I was going to ask about the clown. I think I would leave well enough alone and just watch for the next couple of weeks. Do try offering food on a stick near the den daily. A short arm is the sign of predation, a curled up arm (third on the right - clockwise as you orient your eyes with the octos) is the implication that the animal is male. Here are a few photographs of the curled up hectocotylus of several species. I can't tell one way or the other from the video as they will curl all their arms at times. The specialized arm usually remains tightly curled even when the other arms are hunting.
Ok ya the shirt arm was on the left side not the right so I think Taco may be a female.
I have a nest cam which records the tank 24/7 and haven't seen any sign of anything for at least three days. No substrate disturbance, no food eaten, nothing. I'm concerned. Any other steps I should take at this point?
Test your water daily and watch for an ammonia or nitrite spike that might suggest she has died. If you can arrange a peaking doorway (removable rock that does not fully disrupt the den), you may want to try setting this up. Some of mine allowed an opening large enough to view within, others have insisted on closing the den up completely. Ensuring a gentle flow of water to Taco and the eggs may help.
Brood times vary highly with species and water temperatures. For the aquarium sized animals, large egg species tend to more eggs and a longer brood time than small egg species but the colder the temperature, the longer the brood cycle. Even though a GPO lays small eggs, they have the longest hatching times for aquarium kept octopuses (roughly half a year -- the longest brood time was recently estimated at 3 years for an arctic species observed with an ROV, egg size not mentioned/known). Start watching for hatchlings after 3 weeks but it may be considerably longer. Guessing from the size of the octopus, there is a fairly good chance the eggs are fertile. Sadly, there is almost no chance any of the hatchlings will survive. The full hatching may take a full week but three days is the most commonly observed with the majority hatching on day 2.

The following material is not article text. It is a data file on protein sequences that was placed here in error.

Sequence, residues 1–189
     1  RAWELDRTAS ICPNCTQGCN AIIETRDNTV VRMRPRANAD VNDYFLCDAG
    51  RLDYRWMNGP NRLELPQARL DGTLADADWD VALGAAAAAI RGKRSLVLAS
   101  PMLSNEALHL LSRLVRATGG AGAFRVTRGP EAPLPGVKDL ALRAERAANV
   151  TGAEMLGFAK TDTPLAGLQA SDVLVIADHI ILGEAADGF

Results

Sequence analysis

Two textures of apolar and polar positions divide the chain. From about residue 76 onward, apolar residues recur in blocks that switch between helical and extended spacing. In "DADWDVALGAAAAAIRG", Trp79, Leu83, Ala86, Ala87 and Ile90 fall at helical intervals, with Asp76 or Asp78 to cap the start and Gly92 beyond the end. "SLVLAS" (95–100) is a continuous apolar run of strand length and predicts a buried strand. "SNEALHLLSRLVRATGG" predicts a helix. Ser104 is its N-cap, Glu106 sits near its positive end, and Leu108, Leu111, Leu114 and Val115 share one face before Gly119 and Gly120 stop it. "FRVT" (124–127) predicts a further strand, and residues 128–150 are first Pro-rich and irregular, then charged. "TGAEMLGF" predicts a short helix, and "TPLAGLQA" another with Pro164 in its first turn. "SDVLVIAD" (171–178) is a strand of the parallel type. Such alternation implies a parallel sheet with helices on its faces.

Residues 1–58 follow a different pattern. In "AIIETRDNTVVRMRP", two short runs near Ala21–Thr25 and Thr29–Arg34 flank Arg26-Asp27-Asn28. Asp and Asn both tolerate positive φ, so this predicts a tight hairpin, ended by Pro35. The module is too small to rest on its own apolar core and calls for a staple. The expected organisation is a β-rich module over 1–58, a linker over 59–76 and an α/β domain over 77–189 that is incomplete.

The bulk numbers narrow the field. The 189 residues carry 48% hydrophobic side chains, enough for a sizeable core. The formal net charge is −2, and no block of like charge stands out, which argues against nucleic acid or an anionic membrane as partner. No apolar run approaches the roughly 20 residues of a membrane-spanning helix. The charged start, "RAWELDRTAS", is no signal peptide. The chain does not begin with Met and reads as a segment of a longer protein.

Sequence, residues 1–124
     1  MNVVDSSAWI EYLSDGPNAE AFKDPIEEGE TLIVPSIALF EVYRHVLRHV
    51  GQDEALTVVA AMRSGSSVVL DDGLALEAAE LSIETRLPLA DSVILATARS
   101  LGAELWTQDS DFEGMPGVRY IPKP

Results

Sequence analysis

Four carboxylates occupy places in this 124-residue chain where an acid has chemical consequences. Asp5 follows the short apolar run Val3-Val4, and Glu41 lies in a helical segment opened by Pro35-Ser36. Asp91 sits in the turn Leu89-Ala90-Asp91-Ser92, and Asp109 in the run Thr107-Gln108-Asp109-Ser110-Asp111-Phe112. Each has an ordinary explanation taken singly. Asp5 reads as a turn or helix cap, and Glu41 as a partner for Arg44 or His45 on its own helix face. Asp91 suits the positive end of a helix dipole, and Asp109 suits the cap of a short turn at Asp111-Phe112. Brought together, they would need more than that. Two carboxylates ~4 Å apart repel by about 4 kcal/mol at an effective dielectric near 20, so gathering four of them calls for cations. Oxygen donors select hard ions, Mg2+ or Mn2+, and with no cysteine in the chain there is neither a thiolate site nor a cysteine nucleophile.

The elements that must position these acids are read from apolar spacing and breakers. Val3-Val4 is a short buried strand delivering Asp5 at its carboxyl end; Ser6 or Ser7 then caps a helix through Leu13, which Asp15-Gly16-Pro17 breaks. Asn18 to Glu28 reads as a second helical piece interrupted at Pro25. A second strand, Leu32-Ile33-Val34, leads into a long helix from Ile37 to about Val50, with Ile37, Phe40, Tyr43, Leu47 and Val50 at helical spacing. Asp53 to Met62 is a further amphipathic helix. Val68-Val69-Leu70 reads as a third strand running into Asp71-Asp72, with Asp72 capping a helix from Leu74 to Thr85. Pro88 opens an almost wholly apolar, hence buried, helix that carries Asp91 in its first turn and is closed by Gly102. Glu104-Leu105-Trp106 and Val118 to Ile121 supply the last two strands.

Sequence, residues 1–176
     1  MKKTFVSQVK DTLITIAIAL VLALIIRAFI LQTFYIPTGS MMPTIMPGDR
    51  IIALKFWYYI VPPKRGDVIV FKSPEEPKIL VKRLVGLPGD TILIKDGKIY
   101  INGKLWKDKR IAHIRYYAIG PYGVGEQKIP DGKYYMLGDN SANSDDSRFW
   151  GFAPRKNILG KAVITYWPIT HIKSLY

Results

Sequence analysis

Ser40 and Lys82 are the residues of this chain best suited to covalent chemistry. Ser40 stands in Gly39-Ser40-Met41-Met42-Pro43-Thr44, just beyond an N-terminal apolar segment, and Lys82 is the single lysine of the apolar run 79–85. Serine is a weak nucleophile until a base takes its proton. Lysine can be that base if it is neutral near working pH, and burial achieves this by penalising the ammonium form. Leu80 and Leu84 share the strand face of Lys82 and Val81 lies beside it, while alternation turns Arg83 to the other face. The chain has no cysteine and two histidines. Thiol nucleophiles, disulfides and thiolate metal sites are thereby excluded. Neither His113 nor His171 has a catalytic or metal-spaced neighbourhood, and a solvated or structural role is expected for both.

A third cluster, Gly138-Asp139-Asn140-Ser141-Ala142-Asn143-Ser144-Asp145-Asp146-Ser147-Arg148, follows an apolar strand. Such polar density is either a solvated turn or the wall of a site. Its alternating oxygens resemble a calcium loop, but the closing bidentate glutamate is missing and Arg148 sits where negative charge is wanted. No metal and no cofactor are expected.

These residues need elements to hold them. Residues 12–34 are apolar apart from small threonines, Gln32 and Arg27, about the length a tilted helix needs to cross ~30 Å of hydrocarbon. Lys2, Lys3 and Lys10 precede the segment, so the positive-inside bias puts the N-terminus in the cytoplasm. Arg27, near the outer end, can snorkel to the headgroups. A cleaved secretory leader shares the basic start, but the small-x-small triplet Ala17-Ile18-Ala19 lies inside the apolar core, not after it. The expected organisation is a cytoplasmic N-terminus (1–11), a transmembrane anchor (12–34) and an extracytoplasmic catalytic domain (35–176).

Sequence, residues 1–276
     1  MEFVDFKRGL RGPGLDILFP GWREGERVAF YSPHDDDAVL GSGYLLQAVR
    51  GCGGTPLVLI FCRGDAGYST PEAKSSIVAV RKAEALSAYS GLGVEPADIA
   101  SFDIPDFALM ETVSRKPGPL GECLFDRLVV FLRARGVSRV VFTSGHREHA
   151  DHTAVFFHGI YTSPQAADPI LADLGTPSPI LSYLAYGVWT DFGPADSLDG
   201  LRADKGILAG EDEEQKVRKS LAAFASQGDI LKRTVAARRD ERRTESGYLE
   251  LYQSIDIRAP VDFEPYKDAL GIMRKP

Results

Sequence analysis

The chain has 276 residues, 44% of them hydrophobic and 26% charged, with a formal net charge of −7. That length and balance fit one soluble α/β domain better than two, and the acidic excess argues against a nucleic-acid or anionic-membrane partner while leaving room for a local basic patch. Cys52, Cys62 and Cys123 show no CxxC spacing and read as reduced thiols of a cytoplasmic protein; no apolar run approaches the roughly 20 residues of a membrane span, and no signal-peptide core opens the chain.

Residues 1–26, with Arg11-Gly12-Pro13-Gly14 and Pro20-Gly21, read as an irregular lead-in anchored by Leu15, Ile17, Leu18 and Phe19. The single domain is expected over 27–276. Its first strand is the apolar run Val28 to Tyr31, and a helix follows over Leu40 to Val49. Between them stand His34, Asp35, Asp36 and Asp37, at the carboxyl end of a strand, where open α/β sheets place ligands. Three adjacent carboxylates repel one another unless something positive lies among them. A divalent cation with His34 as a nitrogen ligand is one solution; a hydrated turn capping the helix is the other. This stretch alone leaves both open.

Typically the female will die just after hatching would naturally occur (even for infertile eggs). We have seen females die both earlier and even a full month later . Typically she will exit the den at the end of her life and may wander about restlessly (in the wild, she would be an easy target for predators but in a tank may live a bit longer). I have noted that the mantle is often bloated and lacks control during this end of life senescence. You can offer small food but it is unlikely she will eat.
Ok so the nitrite have gone down considerably, either at zero, or at the very most .05 ppm. The nitrate is between 5 and 10, ammonia is reading zero. So I guess I'm happy with the water readings, hopefully something starts going right soon for Taco.